Thursday, June 14, 2012

The Swerve by Stephen Greenblatt

It took Europe a very long time to recover from the fall of the Roman Empire. This book is set in the early 1400 and it is about book hunters. These were people who were looking for books from the ancient Greeks and Romans.

We are indeed fascinated with the how and why of the West’s rise from the ashes of the Greek and Roman civilizations. I have read a great many books on this subject and this is just the latest in a long line of books to tell us how we did it. They might all be a bit right. Do not forget, that when the Roman fell, Europe was invaded by a number of different tribes, especially the German tribes. A lot was destroyed. No wonder it took a long time to revive.

There is a great review of this book at The Guardian. I agree with the reviewer Colin Burrow that the discovery of the Lucretius's De Rerum Natura ("On the Nature of the Universe") poem did not start the renaissance. However, it is a great tale.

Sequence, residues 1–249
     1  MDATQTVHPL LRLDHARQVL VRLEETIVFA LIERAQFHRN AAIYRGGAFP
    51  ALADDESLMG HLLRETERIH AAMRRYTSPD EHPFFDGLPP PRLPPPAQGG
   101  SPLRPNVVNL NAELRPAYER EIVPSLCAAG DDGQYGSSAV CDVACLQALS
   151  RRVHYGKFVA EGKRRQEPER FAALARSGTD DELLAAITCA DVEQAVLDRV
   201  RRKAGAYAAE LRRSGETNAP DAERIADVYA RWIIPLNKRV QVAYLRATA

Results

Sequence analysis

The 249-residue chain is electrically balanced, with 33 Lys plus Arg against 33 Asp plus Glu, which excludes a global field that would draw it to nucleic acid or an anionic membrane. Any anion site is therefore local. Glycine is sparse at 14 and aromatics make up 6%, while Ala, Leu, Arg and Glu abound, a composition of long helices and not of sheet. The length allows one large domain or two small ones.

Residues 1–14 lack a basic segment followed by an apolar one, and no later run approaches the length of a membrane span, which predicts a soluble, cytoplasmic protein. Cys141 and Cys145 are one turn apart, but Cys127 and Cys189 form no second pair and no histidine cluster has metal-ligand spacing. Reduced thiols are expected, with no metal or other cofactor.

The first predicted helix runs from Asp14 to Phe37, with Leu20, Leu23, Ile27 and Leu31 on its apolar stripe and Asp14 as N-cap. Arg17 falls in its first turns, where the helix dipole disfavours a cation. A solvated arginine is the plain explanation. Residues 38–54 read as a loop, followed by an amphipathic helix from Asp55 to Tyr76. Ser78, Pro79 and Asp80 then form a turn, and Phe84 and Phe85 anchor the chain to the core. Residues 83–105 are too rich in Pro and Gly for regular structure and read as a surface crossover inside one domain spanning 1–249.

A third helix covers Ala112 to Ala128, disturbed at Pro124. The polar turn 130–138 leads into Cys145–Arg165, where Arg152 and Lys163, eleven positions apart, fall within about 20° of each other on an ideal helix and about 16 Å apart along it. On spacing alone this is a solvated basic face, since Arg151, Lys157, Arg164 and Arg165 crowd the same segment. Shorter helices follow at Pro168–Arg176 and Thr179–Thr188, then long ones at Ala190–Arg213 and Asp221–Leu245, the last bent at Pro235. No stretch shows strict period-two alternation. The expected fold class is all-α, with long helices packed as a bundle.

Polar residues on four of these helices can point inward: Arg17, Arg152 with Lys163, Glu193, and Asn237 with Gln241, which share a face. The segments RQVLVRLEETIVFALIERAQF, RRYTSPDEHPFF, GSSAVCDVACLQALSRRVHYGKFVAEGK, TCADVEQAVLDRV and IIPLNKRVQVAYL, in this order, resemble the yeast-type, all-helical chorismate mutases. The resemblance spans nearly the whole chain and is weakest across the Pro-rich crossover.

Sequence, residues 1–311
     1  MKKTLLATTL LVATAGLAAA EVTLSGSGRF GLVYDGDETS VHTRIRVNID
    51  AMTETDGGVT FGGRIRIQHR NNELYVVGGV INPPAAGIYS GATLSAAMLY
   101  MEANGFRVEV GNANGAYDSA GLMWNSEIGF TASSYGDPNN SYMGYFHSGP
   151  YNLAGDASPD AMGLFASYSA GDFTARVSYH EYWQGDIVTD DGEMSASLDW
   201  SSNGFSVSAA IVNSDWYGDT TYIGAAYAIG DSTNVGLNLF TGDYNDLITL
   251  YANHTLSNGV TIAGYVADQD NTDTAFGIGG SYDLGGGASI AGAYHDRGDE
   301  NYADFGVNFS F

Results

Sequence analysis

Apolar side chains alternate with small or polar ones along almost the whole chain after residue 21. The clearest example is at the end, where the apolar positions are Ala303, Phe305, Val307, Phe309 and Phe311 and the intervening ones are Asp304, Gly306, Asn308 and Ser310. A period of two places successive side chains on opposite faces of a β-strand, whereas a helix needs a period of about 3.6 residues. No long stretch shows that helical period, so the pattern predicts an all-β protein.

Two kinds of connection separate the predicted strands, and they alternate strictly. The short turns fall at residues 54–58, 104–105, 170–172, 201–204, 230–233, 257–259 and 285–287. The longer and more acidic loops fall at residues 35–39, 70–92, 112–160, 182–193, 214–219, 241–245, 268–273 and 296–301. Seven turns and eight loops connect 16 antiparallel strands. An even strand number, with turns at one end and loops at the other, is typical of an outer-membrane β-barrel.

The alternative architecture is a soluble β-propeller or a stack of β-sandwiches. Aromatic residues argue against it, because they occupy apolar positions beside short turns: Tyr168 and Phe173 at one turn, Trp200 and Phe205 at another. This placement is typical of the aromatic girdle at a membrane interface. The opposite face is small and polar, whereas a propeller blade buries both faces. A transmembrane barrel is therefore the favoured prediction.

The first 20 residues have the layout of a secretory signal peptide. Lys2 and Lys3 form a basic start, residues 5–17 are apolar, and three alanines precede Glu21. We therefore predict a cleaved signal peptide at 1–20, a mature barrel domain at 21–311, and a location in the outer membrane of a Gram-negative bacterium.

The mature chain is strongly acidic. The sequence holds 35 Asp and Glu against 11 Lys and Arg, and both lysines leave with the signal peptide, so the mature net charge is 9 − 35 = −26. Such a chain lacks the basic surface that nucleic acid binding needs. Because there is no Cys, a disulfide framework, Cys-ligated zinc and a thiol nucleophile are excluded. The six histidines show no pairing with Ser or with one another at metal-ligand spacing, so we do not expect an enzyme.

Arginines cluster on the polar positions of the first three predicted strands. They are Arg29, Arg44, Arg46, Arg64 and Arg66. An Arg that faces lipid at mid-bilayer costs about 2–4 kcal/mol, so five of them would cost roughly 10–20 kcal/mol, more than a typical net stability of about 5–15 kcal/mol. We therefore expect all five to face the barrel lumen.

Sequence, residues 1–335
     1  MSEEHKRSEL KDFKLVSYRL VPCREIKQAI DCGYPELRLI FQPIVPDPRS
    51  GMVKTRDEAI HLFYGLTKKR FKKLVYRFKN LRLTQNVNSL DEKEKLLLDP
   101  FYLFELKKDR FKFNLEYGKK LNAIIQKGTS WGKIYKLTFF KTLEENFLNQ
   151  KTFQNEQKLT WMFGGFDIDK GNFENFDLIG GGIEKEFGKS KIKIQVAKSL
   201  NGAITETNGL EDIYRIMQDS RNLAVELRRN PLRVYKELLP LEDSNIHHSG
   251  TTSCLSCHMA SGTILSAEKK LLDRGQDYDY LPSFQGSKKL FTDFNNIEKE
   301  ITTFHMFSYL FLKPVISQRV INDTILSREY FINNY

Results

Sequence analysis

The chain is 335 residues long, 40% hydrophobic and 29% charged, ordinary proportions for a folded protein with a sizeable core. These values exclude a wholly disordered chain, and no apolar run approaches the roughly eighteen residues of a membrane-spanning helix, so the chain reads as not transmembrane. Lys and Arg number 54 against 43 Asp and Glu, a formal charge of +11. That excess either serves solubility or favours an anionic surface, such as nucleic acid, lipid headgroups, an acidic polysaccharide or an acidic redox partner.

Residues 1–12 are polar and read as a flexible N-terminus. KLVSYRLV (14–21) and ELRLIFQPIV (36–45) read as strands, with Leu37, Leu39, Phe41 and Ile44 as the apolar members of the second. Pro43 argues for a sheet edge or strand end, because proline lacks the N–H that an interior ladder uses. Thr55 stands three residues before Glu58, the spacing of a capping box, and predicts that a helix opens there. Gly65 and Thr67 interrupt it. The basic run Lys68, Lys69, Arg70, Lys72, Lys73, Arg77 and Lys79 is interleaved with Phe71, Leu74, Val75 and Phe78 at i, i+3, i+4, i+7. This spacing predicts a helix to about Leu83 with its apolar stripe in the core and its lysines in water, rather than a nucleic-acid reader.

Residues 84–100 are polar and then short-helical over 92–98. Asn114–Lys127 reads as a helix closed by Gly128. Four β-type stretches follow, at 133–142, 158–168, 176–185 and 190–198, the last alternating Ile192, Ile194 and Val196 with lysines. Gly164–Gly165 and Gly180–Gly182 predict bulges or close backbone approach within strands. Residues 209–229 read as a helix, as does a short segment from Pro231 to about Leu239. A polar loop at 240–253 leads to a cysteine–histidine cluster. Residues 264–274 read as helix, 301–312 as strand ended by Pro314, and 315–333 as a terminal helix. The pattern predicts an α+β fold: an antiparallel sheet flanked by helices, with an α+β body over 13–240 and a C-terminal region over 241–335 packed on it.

There is another good review, but not quite as good as The Guardian review at Harvard Magazine. The book also has its own website.

There is an audio interview with Stephen Greenblatt at the New Yorker. There is also an interesting article on this subject, called the Answer Man by Stephen Greenblatt at New Yorker. He talks about how he first met Lucretius’ two-thousand-year-old poem “On the Nature of Things”. Read more at the New Yorker on The Answer Man by Stephen Greenblatt.

See videos of an Interview with Connie Martinson. See Part I. See Part II. See Stephen Greenblatt: The Poem That Dragged Us Out of the Dark Ages on Big Think.

On my website is how to find this book on Amazon if you care to purchase it. See Greenblatt. Also, this book review and other books I have reviewed are on my website at Book Reviews.